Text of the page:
Early Notables of the Frymand family

Distinguished members of the family include Francis Freeman (c.1645), a British religious writer; and John Freeman (fl. 1611), an English divine, matriculated in the University of Cambridge as a sizar of Trinity College, 26 Nov. 1575. [10] John Freeman (fl. 1670-1720), was an English painter who had some repute as a history painter in the reign of Charles II; Sir Ralph Freeman (fl. 1610-1655), was English civilian and dramatist, who was probably the son of Martin Freeman. Richard Freeman (1646-1710) was...
Another 80 words (6 lines of text) are included under the topic Early Frymand Notables in all our PDF Extended History products and printed products wherever possible.

Ireland Migration of the Frymand family to Ireland

Some of the Frymand family moved to Ireland, but this topic is not covered in this excerpt.
Another 150 words (11 lines of text) about their life in Ireland is included in all our PDF Extended History products and printed products wherever possible.

Migration of the Frymand family

A great wave of immigration to the New World was the result of the enormous political and religious disarray that struck England at that time. Families left for the New World in extremely large numbers. The long journey was the end of many immigrants and many more arrived sick and starving. Still, those who made it were rewarded with an opportunity far greater than they had known at home in England. These emigrant families went on to make significant contributions to these emerging colonies in which they settled. Some of the first North American settlers carried this name or one of its variants: Samuel Freeman and his wife Apphia Quick, who arrived in Mssachusetts in 1630 with their son Henry; Alice Freeman, who settled in New England in 1635.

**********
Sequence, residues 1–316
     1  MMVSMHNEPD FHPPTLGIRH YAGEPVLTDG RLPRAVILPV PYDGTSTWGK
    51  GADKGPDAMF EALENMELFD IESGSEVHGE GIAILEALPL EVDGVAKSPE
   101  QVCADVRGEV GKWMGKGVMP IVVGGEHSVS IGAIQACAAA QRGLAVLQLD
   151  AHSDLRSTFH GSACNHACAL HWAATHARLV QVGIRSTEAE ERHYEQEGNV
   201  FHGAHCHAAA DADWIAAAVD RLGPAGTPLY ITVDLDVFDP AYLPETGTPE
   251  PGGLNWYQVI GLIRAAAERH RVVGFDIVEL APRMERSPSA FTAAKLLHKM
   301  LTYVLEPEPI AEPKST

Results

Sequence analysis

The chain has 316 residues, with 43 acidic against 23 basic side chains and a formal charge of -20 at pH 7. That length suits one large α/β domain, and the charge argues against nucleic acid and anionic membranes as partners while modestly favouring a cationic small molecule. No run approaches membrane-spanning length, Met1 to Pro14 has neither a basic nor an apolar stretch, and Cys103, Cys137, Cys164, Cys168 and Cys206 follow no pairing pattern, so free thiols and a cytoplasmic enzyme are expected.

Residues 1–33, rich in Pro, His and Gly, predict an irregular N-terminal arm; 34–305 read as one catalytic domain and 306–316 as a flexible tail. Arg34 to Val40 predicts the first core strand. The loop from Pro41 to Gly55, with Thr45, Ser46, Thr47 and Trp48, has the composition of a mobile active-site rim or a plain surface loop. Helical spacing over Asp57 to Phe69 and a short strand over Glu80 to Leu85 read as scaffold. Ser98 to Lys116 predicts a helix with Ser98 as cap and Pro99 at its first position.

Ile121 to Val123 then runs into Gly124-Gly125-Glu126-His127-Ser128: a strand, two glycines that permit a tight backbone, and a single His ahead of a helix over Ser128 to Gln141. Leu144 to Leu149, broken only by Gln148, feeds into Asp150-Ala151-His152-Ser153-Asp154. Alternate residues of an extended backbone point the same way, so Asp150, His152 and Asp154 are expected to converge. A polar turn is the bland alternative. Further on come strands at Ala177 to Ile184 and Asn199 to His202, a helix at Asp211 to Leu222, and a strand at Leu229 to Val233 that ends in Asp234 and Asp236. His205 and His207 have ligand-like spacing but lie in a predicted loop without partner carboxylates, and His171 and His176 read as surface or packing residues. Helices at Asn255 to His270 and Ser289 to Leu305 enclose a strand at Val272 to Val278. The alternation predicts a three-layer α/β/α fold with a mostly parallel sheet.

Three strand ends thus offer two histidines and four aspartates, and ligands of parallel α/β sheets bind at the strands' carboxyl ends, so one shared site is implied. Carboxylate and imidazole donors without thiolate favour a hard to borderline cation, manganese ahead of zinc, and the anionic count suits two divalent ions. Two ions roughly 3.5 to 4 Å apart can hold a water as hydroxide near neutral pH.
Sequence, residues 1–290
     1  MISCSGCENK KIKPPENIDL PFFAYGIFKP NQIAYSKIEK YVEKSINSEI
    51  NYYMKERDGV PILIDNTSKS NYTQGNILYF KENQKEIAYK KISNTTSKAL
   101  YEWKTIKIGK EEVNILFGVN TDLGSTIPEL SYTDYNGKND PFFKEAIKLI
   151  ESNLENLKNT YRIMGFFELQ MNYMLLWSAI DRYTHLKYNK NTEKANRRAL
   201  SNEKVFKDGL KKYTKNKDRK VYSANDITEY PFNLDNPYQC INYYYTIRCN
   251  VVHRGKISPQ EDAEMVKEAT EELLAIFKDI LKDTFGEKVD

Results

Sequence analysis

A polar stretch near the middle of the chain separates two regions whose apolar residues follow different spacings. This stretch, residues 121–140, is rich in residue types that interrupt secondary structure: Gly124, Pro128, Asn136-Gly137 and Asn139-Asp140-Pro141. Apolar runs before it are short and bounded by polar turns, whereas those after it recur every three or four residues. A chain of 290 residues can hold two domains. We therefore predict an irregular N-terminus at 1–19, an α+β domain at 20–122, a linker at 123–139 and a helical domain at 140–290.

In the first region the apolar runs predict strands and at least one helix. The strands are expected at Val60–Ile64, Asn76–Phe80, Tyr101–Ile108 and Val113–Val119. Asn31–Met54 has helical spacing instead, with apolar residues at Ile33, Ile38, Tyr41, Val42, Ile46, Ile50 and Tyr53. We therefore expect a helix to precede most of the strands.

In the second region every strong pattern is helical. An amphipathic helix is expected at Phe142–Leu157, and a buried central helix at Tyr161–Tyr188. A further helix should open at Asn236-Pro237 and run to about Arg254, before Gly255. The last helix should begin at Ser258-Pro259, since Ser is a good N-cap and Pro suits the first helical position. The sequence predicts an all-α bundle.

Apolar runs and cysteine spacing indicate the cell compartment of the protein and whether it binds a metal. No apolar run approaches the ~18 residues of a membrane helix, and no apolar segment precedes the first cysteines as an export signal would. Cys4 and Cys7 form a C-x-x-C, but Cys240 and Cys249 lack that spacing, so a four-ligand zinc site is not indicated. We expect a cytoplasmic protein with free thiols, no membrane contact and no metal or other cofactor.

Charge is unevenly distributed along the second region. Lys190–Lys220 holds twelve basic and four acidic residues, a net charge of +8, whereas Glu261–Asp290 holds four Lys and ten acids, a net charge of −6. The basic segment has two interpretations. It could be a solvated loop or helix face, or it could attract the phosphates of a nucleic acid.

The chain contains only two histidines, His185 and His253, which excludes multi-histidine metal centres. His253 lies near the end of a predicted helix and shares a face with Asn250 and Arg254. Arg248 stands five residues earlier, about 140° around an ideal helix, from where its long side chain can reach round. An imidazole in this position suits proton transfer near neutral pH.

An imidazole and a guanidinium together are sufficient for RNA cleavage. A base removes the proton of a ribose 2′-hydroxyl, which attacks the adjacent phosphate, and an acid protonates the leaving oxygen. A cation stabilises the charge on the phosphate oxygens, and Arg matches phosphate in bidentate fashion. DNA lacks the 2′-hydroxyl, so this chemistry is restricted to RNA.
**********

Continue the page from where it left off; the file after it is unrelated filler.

1. Smith, Eldson Coles, New Dictionary of American Family Names New York: Harper & Row, 1956. Print
  2. Arthur, William , An Etymological Dictionary of Family and Christian Names. London: 1857. Print
  3. Harrison, Henry, Surnames of the United Kingdom: A Concise Etymological Dictionary Baltimore: Geneological Publishing Company, 2013. Print
  4. Lower, Mark Anthony, Patronymica Britannica, A Dictionary of Family Names of the United Kingdom. London: John Russel Smith, 1860. Print.
  5. Testa de Nevill or "Liber Feodorum" or "Book of Fees," thought to have been written by Ralph de Nevill, for King John (1199–1216)
  6. Reaney, P.H and R.M. Wilson, A Dictionary of English Surnames. London: Routledge, 1991. Print. (ISBN 0-415-05737-X)
  7. Bardsley, C.W, A Dictionary of English and Welsh Surnames: With Special American Instances. Wiltshire: Heraldry Today, 1901. Print. (ISBN 0-900455-44-6)
  8. Guppy, Henry Brougham, Homes of Family Names in Great Britain. 1890. Print.
  9. Black, George F., The Surnames of Scotland Their Origin, Meaning and History. New York: New York Public Library, 1946. Print. (ISBN 0-87104-172-3)
  10. Smith, George (ed), Dictionary of National Biography. London: Smith, Elder & Co., 1885-1900. Print on Facebook